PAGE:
The Immersive Stories program to take place online throughout March

By: Brigit Harvey

Every week in the month of March, Red River College Polytechnic will have virtual presentations to hear stories from people with a variety of socio-cultural backgrounds.

The program is designed to help students and staff regularly check their personal, social, and cultural assumptions so they can avoid making quick judgements and conclusions, according to the Immersive Stories webpage.

The first guest speaker is Vassan Aruljothi. He will talk about his experience as an immigrant living in Canada, but other speakers will tell their stories about sexual orientation, religion, accessibility issues, trauma, and more.

An RRC Polytech student learning about the Immersive Stories program at the Exchange District campus./BRIGIT HARVEY

“People who grow up in any culture have certain biases that are built into that culture,” said Rebecca Hiebert, one of the program’s organizers and an academic support specialist at the College. “By exposing people to other perspectives, they can learn to value diversity.”

Some students can struggle to diversify their groups.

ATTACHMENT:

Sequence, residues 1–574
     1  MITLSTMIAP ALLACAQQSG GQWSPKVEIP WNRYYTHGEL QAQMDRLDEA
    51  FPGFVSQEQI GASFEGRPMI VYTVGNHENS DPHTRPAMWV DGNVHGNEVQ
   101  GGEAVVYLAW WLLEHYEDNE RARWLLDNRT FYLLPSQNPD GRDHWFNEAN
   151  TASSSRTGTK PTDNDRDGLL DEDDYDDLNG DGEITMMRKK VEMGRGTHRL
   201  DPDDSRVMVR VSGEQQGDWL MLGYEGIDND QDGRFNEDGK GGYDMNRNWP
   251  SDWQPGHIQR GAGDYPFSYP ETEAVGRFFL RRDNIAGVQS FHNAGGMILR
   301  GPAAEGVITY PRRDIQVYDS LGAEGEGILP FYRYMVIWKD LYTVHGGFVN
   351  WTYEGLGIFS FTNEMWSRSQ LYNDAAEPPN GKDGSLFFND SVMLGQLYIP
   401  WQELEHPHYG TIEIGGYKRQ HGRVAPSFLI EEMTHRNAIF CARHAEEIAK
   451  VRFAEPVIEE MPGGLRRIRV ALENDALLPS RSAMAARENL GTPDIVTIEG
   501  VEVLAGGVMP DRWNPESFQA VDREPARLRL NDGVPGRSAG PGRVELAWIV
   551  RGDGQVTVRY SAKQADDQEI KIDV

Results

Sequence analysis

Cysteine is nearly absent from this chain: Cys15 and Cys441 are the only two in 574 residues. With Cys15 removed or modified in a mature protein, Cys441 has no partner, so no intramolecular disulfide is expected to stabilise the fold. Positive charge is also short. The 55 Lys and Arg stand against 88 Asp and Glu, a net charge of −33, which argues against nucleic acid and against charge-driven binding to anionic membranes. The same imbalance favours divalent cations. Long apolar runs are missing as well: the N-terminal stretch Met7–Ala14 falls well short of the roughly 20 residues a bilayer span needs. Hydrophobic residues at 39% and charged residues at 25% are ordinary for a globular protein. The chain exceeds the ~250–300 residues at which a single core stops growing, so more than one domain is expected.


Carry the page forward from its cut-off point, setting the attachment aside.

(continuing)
Michael Puchala, a Business Administration student, said he’s noticed his peers tend to gravitate towards people with similar backgrounds to themselves.

“[Working with similar people] is just a lot easier,” said Puchala. 

Morketa Janusz, a recent Business Administration graduate who did most of his program online, said it could be hard to get to know people and learn about their cultural norms when you’re not physically interacting with them every day. 

“Unless someone were to do a presentation about their culture or background, we would only see people’s names on a square tile on Webex,” said Janusz. “The on-campus environment gave us more opportunities to learn about each other.”

He said learning about different perspectives can help create a more inclusive classroom.

“Students should have an understanding of the different people that surround them,” Janusz said. “It would make everyone feel more seen, and working together would be a better overall experience.”

Hearing real-lived stories from people can allow for a more personalized experience, said Hiebert. This can create a more impactful and interactive outcome.

“Human beings are hardwired to tell stories and listen to stories, so people might not want to listen to a formal lecture,” Hiebert said. “This way there is an authentic, improvised feel to it that allows people to be part of the conversation.” 

The Immersive Stories program will run from March 2 to April 6. The seminars will be held on Webex during lunch hours.